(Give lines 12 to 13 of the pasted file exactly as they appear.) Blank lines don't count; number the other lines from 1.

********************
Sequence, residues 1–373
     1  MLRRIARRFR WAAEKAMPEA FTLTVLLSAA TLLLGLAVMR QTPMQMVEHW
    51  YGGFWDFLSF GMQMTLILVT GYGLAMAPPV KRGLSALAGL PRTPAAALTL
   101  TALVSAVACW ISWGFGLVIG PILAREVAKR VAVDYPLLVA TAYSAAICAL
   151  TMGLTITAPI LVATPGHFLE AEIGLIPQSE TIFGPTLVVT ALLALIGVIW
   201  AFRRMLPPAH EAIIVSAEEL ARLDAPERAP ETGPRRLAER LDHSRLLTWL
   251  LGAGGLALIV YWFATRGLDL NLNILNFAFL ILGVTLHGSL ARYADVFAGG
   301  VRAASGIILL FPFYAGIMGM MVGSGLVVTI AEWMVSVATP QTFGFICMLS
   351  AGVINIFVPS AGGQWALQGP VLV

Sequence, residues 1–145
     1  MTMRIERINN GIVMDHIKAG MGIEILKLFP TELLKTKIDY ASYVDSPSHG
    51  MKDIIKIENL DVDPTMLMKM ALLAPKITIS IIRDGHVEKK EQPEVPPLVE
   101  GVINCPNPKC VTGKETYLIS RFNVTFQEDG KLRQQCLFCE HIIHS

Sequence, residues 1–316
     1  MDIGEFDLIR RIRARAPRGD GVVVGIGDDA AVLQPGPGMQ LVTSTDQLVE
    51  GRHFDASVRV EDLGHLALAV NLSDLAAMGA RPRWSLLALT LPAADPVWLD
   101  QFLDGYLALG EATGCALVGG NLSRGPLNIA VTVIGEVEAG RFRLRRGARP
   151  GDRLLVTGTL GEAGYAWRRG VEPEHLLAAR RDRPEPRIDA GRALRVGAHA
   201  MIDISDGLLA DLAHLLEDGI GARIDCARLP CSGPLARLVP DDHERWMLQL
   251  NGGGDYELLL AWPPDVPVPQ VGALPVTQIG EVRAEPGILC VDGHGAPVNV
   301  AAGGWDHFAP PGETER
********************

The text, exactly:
    51  MKDIIKIENL DVDPTMLMKM ALLAPKITIS IIRDGHVEKK EQPEVPPLVE
   101  GVINCPNPKC VTGKETYLIS RFNVTFQEDG KLRQQCLFCE HIIHS